Larry A. Niksch
Specialist in Asian Affairs
Since August 2003, negotiations over North Korea's nuclear weapons programs have involved six governments: the United States, North Korea, China, South Korea, Japan, and Russia. Since the talks began, North Korea has operated nuclear facilities at Yongbyon and apparently has produced weapons-grade plutonium estimated as sufficient for five to eight atomic weapons. North Korea tested a plutonium nuclear device in October 2006 and apparently a second device in May 2009. North Korea admitted in June 2009 that it has a program to enrich uranium; the United States had cited evidence of such a program since 2002. There also is substantial information that North Korea has engaged in collaborative programs with Iran and Syria aimed at producing nuclear weapons.
On May 25, 2009, North Korea announced that it had conducted a second nuclear test. On April 14, 2009, North Korea terminated its participation in six party talks and said it would not be bound by agreements between it and the Bush Administration, ratified by the six parties, which would have disabled the Yongbyon facilities. North Korea also announced that it would reverse the ongoing disablement process under these agreements and restart the Yongbyon nuclear facilities. Three developments since August 2008 appear to have influenced the situation leading to North Korea's announcement: the failure to complete implementation of the Bush Administration-North Korean agreement, including the Yongbyon disablement, because of a dispute over whether inspectors could take samples of nuclear materials at Yongbyon; the stroke suffered by North Korean leader, Kim Jong-il, in August 2008; and the issuance by North Korea after January 1, 2009, of a tough set of negotiating positions, including an assertion that the United States must extend normal diplomatic relations prior to any final denuclearization agreement rather than in such an agreement; and that U.S. reciprocity for North Korean denuclearization must be an end of the "U.S. nuclear threat," meaning major reductions of and restrictions on U.S. military forces in and around the Korean peninsula.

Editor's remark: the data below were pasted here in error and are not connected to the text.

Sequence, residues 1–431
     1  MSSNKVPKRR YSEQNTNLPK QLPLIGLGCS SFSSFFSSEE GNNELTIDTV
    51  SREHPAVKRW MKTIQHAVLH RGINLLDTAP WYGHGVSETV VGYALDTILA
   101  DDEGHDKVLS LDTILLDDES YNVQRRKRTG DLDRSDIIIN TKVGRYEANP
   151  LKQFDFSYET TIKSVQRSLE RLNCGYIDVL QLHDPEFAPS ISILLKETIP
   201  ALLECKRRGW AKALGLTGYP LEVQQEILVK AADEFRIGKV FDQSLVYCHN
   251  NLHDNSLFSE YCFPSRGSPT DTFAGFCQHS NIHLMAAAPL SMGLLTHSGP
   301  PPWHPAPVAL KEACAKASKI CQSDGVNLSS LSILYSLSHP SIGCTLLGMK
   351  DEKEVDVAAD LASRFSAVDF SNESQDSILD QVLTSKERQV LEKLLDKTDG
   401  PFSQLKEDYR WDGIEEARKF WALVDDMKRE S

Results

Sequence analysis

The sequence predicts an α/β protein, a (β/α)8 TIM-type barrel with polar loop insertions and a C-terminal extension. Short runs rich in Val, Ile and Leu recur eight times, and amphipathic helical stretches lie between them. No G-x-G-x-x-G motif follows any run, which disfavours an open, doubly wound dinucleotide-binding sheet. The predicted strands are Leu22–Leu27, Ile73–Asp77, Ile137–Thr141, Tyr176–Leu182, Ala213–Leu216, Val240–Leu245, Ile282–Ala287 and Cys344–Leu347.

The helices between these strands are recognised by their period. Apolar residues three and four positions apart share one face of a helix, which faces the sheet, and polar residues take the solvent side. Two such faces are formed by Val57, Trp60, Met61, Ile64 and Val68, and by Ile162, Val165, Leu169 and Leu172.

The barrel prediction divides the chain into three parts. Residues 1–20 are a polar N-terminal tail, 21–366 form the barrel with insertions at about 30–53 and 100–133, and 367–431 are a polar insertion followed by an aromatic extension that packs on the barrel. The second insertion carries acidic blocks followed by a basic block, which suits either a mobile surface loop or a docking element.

The Obama Administration reacted to the missile and nuclear tests by seeking United Nations sanctions against North Korea. It secured U.N. Security Council approval of Resolution 1874 in June 2009. The resolution calls on U.N. members to restrict financial transactions in their territories related to North Korean sales of weapons of mass destruction (WMD) to other countries. It also calls on U.N. members to prevent the use of their territories by North Korea for the shipment of WMD to other countries. In December 2009, the Administration sent a special envoy to North Korea in an attempt to secure North Korean agreement to return to the six party talks. North Korea gave a general positive statement regarding six party talks; but it raised other issues, including its proposal for negotiation of a U.S.-North Korean peace treaty, and appeared to seek a continuation of bilateral meetings with the United States.
North Korea seemed to moderate its provocative policies in August 2009. It invited former President Bill Clinton to North Korea, where he secured the release of two female American reporters who were taken prisoner by the North Koreans along the China-North Korea border. It also released a South Korean worker at the Kaesong industrial complex in North Korea, whom the North Koreans had arrested in March 2009. A North Korean delegation came to Seoul for the funeral of former South Korean President Kim Dae-jung and met with President Lee Myung-bak. This raised the prospect of renewed U.S.-North Korean negotiations over the nuclear issue, but any future negotiations appear to face daunting obstacles.
This report will be updated periodically.
Date of Report: January 5, 2010
Number of Pages: 33
Order Number: RL33590
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Tuesday, January 19, 2010
Larry A. Niksch